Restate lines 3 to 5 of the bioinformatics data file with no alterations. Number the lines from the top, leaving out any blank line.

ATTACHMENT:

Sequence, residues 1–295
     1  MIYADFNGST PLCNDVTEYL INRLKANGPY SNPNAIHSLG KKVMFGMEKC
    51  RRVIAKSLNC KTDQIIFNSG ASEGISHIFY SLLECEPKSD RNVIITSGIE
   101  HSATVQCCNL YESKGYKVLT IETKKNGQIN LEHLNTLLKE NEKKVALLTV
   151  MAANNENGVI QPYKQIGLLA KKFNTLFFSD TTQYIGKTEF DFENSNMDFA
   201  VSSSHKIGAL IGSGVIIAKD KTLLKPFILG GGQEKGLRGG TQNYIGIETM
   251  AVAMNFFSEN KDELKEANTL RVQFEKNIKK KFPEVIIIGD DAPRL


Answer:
    51  RRVIAKSLNC KTDQIIFNSG ASEGISHIFY SLLECEPKSD RNVIITSGIE
   101  HSATVQCCNL YESKGYKVLT IETKKNGQIN LEHLNTLLKE NEKKVALLTV
   151  MAANNENGVI QPYKQIGLLA KKFNTLFFSD TTQYIGKTEF DFENSNMDFA